Where do we go from here? Does this mean that big donors should stop giving their money away here and now? Not necessarily. One distinctive feature of the (Kantian) pre-civil state is that it is a state of contradiction. In this condition, while freedom requires that individuals be able to do certain things (e.g. acquire property), freedom also prohibits them to do those things (because, in the absence of political institutions, acquiring property would necessarily amount to imposing one’s merely unilateral will on others). I believe that a somewhat similar contradiction characterizes the situation of philanthropists in contemporary societies. Ideally speaking, human freedom is incompatible with philanthropists bearing the primary responsibility to fulfill the demands of justice because leaving the fulfillment of these demands in the hands of philanthropy is antithetical to freedom itself; it would make recipients dependent on the merely private and unilateral will of others. Yet in a situation where a legitimately authorized government grossly fails to fulfill the demands of justice, the wealthy acquire a provisional duty to fulfill such demands, so as to compensate for the unjust failures of their government, from which they benefit. The fact that this duty is provisional, however, means that it should be discharged in a way that facilitates rather than frustrates the exit from the current situation. What does this mean?

Philanthropists should not present themselves to the public as legitimate agents of social provision – agents that compete with government and aim to eventually replace it. Mark Zuckerberg or Twitter philanthropist Bill Pulte should stop going around saying that the wealthy “do many things BETTER than government.” To the contrary, and as naive as this may sound, they should publicly acknowledge their lack of legitimacy and should actively work to strengthen rather than weaken public action. Philanthropists should further publicly acknowledge that the wealth they possess is itself the result of an economic system that is unjust and in need of reform (indeed, as I have argued elsewhere, a large part of their wealth does not even count as their own). It is not enough to say, as MacKenzie Scott does in her Giving Pledge statement: “We each come by the gifts we have to offer by an infinite series of influences and lucky breaks we can never fully understand.” Wealth doesn’t come from lucky breaks. It comes from a (carefully crafted and strategically supported) economic and legal system that allows some to earn and retain an unlimited amount of money or assets, while leaving others destitute. Philanthropists have a moral obligation to publicly acknowledge this fact and to call for reform (e.g. by publicly calling their governments to increase wealth taxes and to strengthen regulations against capital flight and tax heavens). Finally, current practices of philanthropy should become more internally democratic. Foundations, for example, should include grassroots organizations, social movements, and other representatives of potential beneficiaries in their decision-making process, not as mere consultants but as co-determinators. Although the internal democratization of philanthropy cannot confer to it full legitimacy, it may temper its dependence-inducing vices.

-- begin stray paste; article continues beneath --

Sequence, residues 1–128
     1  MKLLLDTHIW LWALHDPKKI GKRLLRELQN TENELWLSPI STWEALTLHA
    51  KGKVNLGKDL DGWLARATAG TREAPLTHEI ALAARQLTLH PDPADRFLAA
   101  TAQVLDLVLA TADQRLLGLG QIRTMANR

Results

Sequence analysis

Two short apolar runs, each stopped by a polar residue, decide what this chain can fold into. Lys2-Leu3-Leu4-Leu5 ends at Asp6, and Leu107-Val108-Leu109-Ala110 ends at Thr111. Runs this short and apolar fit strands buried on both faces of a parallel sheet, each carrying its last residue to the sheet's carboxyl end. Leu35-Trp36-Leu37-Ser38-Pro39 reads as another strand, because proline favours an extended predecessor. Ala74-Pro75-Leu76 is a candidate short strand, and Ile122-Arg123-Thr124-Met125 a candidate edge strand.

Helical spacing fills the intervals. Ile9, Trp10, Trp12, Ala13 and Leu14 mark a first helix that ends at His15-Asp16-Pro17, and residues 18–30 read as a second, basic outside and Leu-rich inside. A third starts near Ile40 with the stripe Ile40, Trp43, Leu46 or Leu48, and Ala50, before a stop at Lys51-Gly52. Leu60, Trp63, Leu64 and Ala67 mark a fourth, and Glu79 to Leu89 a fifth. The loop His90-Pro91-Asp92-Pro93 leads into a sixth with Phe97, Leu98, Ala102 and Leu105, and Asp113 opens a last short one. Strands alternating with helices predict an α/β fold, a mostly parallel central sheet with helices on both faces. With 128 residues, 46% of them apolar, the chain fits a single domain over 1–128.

Of course, this is (a part of) what morality would require of big philanthropy. But this is not to say that what morality requires is easily achievable. If philanthropy plays an important ideological role, it is because it makes appear civil what is and should be regarded as essentially uncivil. A public acknowledgment of this fact would require action on the part of those very people whose interests this ideology serves. I fear this is unlikely to happen. 

Chiara Cordelli

Chiara Cordelli is an associate professor in the Department of Political Science at the University of Chicago. Her main areas of research are social and political philosophy. She is the author of The Privatized State (Princeton University Press, 2020) and the co-editor (with Rob Reich and Lucy Bernholz) of Philanthropy in Democratic Societies (University of Chicago Press, 2016).

[1] Historians have shown how philanthropy has been used throughout history to support unjust institutions, including slavery, as well as cultural and religious prejudices in a way that may well qualify as “uncivil.” My argument, however, proceeds from a philosophical perspective and aims to apply also to circumstances where the causes philanthropists espouse are not per se objectionable.